Barry Steven Comess

June 8, 2020

Obituaries

Richmond—Barry Steven Comess, one of life’s greatest characters, passed away on Tuesday, May 26, 2020, following a prolonged battle with cardiovascular disease at the end of his 75th year. Cheers to Barry for a life well-lived!

Barry is survived by his brother, Allan Comess; sister, Loretta Cohen; nieces, Rachelle Millison, Jill Comess, and Jennifer Thomas; nephews, William Comess and Benjamin Thomas; in-laws, John and Rebecca Thomas; son, Max William Comess; daughter-in-law, Ashley Comess; and wife of nearly 37 years, Patricia Comess, whose unwavering commitment of love, devotion, and support for Barry is truly beyond compare. Barry would remark how lucky he was to have met Pat and the privilege of living with her by his side.

Barry was born in Norfolk, Virginia in 1944, son of Max and Sara Comess (Mandel), of blessed memory. After graduating from Maury High School, he moved to Richmond to attend the University of Richmond, earning his law degree from the T.C. Williams School of Law in 1968. Barry served his country in the U.S. Coast Guard and continued to serve as a Commonwealth’s Attorney in the City of Richmond. In 1974, he joined Thomas F. Coates III in the founding of Coates and Comess, a prominent Richmond law firm that today operates as Coates and Davenport.

As an attorney, Barry defended and prosecuted a wide variety of cases throughout Virginia, ultimately specializing in family law. He retired from the practice of law in the mid-1990s to devote himself to his family and his growing commercial real estate portfolio, which included hotels, apartments, and shopping centers from Virginia to Florida in partnerships with the Comess, Diamonstein, and Economos families.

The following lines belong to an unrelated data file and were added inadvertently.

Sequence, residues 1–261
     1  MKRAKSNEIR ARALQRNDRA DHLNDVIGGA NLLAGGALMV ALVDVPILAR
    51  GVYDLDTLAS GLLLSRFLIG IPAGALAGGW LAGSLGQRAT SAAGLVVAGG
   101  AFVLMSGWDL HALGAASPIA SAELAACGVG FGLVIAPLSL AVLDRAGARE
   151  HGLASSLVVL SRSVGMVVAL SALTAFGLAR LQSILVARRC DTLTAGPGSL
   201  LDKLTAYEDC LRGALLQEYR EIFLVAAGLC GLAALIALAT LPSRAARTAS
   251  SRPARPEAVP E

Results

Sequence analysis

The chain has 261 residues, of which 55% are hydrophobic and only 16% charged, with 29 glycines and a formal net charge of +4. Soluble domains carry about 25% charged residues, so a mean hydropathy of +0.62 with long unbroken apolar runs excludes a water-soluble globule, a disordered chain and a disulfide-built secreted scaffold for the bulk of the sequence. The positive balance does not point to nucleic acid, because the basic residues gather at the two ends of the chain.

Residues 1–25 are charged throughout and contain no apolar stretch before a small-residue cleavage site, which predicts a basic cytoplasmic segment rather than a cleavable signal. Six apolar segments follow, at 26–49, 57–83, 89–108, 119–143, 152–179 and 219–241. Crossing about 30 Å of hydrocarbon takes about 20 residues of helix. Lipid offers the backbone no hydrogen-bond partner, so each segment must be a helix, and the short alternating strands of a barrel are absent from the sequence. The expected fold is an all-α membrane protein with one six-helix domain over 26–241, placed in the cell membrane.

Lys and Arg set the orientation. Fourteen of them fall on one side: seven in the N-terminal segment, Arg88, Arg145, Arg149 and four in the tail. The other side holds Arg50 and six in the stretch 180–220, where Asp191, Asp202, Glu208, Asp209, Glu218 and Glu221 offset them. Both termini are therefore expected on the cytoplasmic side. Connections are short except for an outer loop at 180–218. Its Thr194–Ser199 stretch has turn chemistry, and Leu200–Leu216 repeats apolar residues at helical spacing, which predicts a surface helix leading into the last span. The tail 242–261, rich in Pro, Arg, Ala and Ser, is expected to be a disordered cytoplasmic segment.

Barry received the greatest satisfaction in life from his family and friends. Always quick with a joke or story and with a personality larger than life, Barry would fill the room and magnetically befriend people from all walks of life. You could call Barry a lot of things, but “late for a good time” was not one of them. A member of the Westwood Racquet Club, Temple Beth El, and the Philadelphia Quarry Club, Barry was happiest to partake in social outings with his closest friends: holding court at his daily coffee meetings, on cruise ships around the world and with his longstanding lunch, poker, and tennis groups. Barry was an active and influential member of Richmond’s Jewish community, where he supported many local organizations and initiatives throughout his life, often anonymously.

Barry shared that many of his fondest memories were in his role as a father: attending activities as a Collegiate School and Cornell University parent, coaching baseball at Tuckahoe Little League and spending meaningful and encouraging time with his son and his son’s friends, developing close personal connections and providing wisdom and mentorship to numerous young men and women.

Barry lived life as a man of principal who always tried to do the righteous, fair, and honorable thing, even if that put him at odds with the mainstream. Meanwhile he reminded us, above all else, to live a life of balance, have a healthy sense of humor and to be a mensch. He will be remembered to so many as a brother or father figure, valued law and business partner, avid fisherman on Lake Anna, renowned Caesar Salad chef, skilled Blackjack player, clever prankster, advocate for rescue animals including his beloved dogs, Willie and Glock, deeply patriotic American and staunch supporter of the State of Israel.

Barry’s departure from life was dignified, without suffering and entirely in accordance with his wishes.

A private funeral service for immediate family was conducted. A celebration of Barry’s life will be planned for family and friends later this year. Charitable donations in Barry’s memory to a cause that you feel best aligns with his and your beliefs. And remember, as Barry would say, “heaven is a glass of scotch and a good cigar.”

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